Pig Butchering Scam: Crypto Fraud
The Pig Butchering scam has emerged via text messages and consists of a combination between online dating and investment fraud. The expression “pig butchering” was chosen because it involves a time-tested, super-scripted, and contact-intensive complex to fatten the pig before slaughter. Does it make sense? But there is more.
What Is The Pig Butchering Scam Exactly
The pig butchering fraud originated in Southeast Asia and, unfortunately, is spreading globally. Did you ever receive a text message from an attractive person on Facebook, Instagram, WhatsApp, Viber, Telegram, or any other platform? This scam is perpetrated by a ring of cryptocurrency fraudsters who mine dating apps and social media websites in search of victims. And it’s super easy for them. It’s because people want attention, and a compliment goes a long way.
The pig butchering scam involves a criminal creating a fake profile on social media. He uses this to reach out to potential victims, very often through social media or various dating sites, and even text messages, masquerading as an incorrect number. The purpose is to initiate a cordial discussion with the future victim. These victims, in time, will become a “very good friend” or, most of the time, a “lover.”
Here are some screenshots of how scammers start luring in their prey:
The scammer creates reasons to continue a conversation. After getting trust, the relationship will lead to multiple calls. The purpose? They slowly build a relationship so they can be part of the victim’s daily life. As time goes by, the scammer introduces the idea of investment. As the crypto industry is still new and everyone has heard of the substantial money-money opportunity, yet very few know how it works, the trap is simple.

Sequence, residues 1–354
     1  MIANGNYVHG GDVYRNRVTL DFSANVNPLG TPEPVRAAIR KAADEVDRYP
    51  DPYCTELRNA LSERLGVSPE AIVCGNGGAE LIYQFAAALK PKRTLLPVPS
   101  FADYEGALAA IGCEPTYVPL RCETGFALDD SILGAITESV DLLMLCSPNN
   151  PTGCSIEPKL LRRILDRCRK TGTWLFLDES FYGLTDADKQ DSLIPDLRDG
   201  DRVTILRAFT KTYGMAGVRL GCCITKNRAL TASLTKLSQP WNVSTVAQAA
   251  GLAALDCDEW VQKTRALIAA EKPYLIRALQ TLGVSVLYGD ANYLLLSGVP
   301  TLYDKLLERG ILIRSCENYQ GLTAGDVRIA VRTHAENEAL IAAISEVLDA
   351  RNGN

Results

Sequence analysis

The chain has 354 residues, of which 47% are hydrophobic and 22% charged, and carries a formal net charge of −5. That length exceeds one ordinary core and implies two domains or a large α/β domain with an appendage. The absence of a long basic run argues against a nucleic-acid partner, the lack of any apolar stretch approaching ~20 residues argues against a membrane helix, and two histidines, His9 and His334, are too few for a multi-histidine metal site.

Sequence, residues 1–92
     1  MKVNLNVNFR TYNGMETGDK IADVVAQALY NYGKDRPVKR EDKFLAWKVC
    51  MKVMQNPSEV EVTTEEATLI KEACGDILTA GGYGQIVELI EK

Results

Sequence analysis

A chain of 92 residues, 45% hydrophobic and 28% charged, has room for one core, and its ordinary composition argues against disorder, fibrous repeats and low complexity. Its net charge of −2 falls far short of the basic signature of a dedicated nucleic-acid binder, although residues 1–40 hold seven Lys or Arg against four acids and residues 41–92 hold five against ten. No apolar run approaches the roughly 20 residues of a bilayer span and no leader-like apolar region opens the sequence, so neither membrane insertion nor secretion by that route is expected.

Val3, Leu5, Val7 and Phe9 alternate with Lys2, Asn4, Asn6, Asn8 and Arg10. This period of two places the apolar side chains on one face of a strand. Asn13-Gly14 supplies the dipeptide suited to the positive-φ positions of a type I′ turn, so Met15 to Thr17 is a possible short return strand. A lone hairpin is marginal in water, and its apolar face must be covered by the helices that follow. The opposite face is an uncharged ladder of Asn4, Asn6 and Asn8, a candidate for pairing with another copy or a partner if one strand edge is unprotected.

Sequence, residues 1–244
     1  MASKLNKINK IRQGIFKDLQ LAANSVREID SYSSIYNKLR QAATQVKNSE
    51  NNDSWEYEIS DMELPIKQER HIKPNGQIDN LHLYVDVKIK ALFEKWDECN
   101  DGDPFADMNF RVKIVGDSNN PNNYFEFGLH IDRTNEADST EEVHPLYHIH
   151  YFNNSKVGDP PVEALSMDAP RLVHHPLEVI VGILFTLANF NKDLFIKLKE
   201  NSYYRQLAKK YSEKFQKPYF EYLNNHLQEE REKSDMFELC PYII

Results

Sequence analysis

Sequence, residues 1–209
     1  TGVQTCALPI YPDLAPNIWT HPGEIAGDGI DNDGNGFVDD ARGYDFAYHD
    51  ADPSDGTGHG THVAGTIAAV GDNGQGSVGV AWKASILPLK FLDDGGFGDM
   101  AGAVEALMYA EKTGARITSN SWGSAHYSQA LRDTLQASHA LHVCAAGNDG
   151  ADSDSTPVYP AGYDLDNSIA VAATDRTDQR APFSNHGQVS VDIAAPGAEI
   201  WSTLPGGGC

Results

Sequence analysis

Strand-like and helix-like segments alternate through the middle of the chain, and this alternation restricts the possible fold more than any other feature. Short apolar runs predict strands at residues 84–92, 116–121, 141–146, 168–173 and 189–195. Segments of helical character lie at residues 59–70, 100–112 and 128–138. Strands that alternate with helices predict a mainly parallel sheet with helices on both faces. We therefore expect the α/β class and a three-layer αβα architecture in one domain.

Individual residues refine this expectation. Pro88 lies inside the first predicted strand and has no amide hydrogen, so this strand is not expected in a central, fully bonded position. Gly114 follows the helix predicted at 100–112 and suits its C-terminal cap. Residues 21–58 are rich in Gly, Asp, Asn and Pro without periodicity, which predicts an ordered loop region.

How It Works
The scammer recommends the victim to make a business investment using cryptocurrency. The crook uses powerful verbiage with tempting promises. He employs persuasion rather than asking for money right away for a simple reason: he knows that people are smarter these days (but not THAT smart) and are aware that being asked for money by a stranger is a red flag.
Step by step, the victim is gradually pulled into what seems to be benign talk about new cryptocurrency investments and earnings. However, they are just being manipulated to invest.
The Pig Butchering scammer convinces the target to invest in crypto platforms. When the victim is ready, the crook refers them to a scam site that looks authentic. Needless to say, it is owned by the scammer. Not only that, it gets more complex. The target is encouraged to invest small amounts in the beginning with the purpose that they win in the beginning.
That’s how it starts. The victims win a couple of tiny hands while the criminal ensures to provide some gain on the investment. That’s where the trust gets even stronger. The scammer may even allow the victim to withdraw money. Whether it’s one time or a couple of times, the act of winning convinces the target that the cryptocurrency investment is legitimate. And that’s where it happens.
Fattening The Pig